Medical bills, fees and expenses are some of the most costly balances consumers may incur, and debt of this nature is one of the leading causes of bankruptcy in the United States. But failing to undergo medical procedures and treatments due to high costs can take a serious, and sometimes fatal, toll on a person’s health. A significant percentage of uninsured Americans may be weighed down by medical debt, and there are several options they should consider to pay down their balance and prevent high amounts from being sent to collections.
According to the New York Times, patients should first speak directly with their doctor or healthcare provider to find out if they will reduce the bill. Many hospitals and facilities will work with patients who cannot afford to pay the full balance, but it’s up to individuals to contact their provider and ask. In addition, taking proactive steps may discourage hospitals from sending bills to various collections agencies. Individuals should also know what type of hospital or clinic they attended. Non-profit hospitals are likely to have charity or financial assistance programs that can help uninsured and cash-strapped patients cover their medical bills. Patients may have to meet certain income criteria, but the programs can be instrumental in getting a hefty bill reduced to a more manageable balance.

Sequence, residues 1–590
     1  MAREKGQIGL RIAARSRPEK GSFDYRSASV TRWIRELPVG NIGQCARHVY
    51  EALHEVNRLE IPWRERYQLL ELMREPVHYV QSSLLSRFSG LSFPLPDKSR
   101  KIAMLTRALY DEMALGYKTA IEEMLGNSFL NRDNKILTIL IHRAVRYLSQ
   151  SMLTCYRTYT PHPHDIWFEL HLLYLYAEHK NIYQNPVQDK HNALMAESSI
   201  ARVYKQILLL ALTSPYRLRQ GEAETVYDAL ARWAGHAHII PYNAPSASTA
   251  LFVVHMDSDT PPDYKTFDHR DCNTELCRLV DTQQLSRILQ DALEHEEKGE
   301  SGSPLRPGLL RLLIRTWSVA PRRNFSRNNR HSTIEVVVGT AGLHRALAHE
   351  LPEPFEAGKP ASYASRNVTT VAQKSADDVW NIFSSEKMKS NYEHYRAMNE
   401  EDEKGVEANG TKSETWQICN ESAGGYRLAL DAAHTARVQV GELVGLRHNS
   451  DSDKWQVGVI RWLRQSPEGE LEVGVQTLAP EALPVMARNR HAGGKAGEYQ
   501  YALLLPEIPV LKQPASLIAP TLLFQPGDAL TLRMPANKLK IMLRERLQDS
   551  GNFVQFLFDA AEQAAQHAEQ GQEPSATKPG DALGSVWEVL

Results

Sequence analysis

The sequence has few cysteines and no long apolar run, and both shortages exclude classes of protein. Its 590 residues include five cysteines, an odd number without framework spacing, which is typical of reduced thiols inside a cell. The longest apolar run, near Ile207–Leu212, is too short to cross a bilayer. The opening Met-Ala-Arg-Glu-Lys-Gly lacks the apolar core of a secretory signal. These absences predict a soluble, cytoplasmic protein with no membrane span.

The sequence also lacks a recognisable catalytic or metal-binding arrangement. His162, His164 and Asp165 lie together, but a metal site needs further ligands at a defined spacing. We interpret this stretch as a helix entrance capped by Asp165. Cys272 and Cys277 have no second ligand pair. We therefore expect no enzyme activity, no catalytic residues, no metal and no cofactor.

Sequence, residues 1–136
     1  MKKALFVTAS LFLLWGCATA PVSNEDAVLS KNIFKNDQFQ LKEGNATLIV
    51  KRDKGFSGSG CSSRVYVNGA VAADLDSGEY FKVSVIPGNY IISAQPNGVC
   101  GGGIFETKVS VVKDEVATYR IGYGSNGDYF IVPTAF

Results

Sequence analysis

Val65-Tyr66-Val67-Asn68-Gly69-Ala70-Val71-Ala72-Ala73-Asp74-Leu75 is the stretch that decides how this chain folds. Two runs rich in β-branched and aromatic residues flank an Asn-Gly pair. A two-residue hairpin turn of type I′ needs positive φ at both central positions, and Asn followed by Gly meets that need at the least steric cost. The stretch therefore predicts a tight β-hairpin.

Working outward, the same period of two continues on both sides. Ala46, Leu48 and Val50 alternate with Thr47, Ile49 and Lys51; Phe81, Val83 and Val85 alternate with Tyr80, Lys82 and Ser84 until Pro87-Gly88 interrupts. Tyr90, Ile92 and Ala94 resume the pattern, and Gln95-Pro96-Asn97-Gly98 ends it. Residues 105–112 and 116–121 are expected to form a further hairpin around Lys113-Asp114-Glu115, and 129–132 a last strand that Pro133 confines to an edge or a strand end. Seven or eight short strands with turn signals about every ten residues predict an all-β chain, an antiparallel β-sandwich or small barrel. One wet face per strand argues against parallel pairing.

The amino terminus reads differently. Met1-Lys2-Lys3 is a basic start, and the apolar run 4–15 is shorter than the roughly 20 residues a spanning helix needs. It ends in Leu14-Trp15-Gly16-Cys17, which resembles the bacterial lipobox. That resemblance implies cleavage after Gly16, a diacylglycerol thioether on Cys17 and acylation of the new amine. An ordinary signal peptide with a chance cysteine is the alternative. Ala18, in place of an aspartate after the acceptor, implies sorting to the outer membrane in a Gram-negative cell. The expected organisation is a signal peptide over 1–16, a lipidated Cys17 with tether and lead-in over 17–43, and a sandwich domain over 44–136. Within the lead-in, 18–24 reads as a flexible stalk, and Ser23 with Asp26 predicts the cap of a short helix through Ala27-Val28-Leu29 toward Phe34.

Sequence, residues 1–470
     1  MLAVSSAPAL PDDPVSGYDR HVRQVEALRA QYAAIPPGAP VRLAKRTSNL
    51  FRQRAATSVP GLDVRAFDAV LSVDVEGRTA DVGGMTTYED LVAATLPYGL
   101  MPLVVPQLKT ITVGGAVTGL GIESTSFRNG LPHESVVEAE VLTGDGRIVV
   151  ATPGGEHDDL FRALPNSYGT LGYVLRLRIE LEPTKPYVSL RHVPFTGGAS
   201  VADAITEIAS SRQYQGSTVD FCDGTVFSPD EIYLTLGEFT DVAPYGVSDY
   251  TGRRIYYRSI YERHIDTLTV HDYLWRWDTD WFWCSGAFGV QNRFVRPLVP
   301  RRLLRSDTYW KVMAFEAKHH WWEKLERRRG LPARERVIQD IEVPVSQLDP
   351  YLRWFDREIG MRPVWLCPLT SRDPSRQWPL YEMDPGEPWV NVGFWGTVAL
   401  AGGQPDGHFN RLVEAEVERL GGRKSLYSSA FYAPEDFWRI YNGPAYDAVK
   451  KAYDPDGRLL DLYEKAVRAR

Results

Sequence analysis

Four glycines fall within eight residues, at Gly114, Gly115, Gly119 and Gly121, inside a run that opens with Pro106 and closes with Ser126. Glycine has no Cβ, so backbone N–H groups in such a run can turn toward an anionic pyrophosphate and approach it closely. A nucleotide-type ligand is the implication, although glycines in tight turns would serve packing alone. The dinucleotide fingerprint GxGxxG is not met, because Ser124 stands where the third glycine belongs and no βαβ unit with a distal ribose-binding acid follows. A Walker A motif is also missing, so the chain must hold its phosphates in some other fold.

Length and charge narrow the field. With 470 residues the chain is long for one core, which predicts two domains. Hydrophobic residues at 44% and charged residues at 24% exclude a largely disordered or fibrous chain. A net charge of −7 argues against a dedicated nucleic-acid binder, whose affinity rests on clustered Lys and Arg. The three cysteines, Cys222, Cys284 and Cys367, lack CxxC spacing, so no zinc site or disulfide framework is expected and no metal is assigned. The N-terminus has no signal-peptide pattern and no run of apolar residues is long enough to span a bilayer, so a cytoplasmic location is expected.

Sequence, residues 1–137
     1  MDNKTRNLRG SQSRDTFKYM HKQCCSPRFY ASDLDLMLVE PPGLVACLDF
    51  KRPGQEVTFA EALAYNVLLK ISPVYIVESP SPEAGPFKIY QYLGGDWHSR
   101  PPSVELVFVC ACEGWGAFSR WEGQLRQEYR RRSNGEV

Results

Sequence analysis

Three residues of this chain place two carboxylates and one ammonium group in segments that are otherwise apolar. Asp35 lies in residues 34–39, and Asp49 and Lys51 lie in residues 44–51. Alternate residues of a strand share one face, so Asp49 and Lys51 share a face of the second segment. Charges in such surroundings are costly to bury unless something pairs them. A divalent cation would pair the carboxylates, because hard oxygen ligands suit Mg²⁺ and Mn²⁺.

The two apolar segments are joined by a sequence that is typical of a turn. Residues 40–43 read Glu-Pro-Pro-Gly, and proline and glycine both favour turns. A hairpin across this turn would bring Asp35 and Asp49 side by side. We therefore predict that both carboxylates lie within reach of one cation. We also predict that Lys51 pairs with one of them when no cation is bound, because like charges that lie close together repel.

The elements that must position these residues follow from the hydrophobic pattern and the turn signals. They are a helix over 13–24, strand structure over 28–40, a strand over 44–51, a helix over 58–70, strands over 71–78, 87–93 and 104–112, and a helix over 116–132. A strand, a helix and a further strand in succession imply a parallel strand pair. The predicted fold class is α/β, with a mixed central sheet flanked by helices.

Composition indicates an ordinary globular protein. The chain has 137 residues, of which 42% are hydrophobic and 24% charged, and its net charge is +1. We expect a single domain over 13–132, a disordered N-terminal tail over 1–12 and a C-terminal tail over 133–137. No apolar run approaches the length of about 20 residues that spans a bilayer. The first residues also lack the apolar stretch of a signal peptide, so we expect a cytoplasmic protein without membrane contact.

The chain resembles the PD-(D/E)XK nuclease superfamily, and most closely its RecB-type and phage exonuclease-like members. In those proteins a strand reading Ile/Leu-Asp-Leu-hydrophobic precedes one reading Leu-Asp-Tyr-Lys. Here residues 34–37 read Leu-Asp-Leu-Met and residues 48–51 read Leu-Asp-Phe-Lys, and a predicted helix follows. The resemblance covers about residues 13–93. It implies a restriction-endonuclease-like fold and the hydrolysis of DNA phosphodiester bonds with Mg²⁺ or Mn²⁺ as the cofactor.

In some cases, the hospital may not be able to provide a significant reduction, but most facilities offer repayment programs that allow patients to make monthly payments, the same way they would with a credit card or mortgage. But it’s crucial to make each payment on time. Otherwise, the debt may go into default and have an adverse effect on a consumer’s credit standing. Individuals who choose this plan may have to re-arrange their budgets significantly to make room for their monthly payment, and visiting a professional, such as a credit counselor, can be pivotal in organizing their income properly.
Negotiating a bill is another option. In these scenarios, a hospital may agree to a significant reduction in the balance if patients can agree to make a lump-sum payment. This alternative is a possibility for individuals who have some money in the bank, but not enough to pay their bill in full.